work for solo business owners can get overwhelming

I’ll be the first to admit that I’m not very good at delegating. I’m a Type A planner and perfectionist, and I’ve worked by myself for so long I can’t even remember what it was like to hand over a project to someone else.

And yet? Learning to delegate when you’re a solo or small business owner is even more important than if you’ve got a big team.

There are only so many hours in a day and your work suffers when you’re overextended, so you need to commit to delegating if you want to grow your business without losing your mind. It can be hard to let go (believe me, I know), so I’d like to offer some reasons why it’s a necessary step – plus a few easy ways to delegate that even a perfectionist can get behind.

Sidebar: I’mma avoid saying “solopreneur” throughout this article because it gets a big, fat portmantNO from me. Hat tip to Helen Zaltzman.

Why delegate?


Let’s start here – why, if you’re accustomed to doing everything the way you want it done, would you voluntarily hand over a task to someone else?

Because your business – not the banal tasks associated with running it – deserves your dedicated focus. Because no one person is an expert in every aspect of running a business. Because your health, family, and relationships need your time, too.

And because you don’t have Hermione Granger’s Time Turner.

Okay, but how do I delegate when I’m the only person here?

It’s time to expand your definition of “delegate.”

You’re no longer limited to the people in your office when it comes to getting all hands on deck. Not only that, technology can be your friend – sometimes you can even delegate to something that isn’t a human being.

Easy Ways to Delegate as a Small Business Owner


Pass the baton to someone else (runners in a relay race)

This word has a bit of a negative connotation these days, but we’re not talking about shipping jobs overseas. In this case, we’re talking about hiring experts to do things for your company when they’re outside your wheelhouse. As I mentioned earlier, no one human is an expert in every aspect of running a business. When said human tries to do it all, everything suffers a bit.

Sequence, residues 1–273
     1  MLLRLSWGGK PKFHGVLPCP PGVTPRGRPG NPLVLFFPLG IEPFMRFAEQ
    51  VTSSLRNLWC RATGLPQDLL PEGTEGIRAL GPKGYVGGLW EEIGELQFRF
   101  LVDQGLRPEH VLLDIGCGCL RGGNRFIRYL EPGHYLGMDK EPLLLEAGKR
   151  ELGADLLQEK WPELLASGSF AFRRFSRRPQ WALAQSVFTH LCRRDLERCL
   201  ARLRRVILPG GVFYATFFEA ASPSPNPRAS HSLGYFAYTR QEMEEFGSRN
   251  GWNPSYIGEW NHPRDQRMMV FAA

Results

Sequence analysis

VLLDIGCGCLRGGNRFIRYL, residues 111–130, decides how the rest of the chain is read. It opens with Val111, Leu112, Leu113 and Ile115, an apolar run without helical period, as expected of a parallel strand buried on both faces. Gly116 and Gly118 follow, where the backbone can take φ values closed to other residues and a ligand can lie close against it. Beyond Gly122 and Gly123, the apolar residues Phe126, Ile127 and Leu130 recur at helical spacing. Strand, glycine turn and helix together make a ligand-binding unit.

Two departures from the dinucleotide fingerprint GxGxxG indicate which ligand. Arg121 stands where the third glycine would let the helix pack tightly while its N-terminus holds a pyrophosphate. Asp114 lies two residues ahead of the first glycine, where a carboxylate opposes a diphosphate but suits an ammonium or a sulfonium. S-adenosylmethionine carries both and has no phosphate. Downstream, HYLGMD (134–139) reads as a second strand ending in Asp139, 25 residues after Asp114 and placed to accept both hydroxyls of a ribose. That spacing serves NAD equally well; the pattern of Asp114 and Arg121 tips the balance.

Consider those all-in-one printers we probably all have in our home offices. Sure, they do it all – they copy, scan, print, fax – but they don’t do any one thing particularly well. That’s you when you try to run your business without outsourcing anything.

Hire people who are better than you are, then leave them to get on with it.


Hire experts to do things like web development and design, advertising, copywriting, or marketing. Hire people to do mundane tasks, like running inventory or bookkeeping, that take time away from the things only you can do. You may even benefit from hiring a virtual assistant to handle emails, customer service, or travel arrangements.

When you outsource stuff like this, you’ve got the time – and energy – to focus on growing your business.

Tech Tools

use tech to your advantage (person using laptop)

We’re evolved enough to use tools, although we don’t always use them as wisely as we should. I’m a big fan of letting technology do some of the heavy lifting. Here are five areas where delegating to an app, program, or web service can save you time.

  1. Eliminate Repetitive Tasks
    I find repeating myself really annoying (said this stepparent of a pre-teen, ahem), so this is a big one for me. I love Gmail’s “Canned Responses,” for instance – I have several boilerplates I can customize when the bulk of the copy is the same for every reply.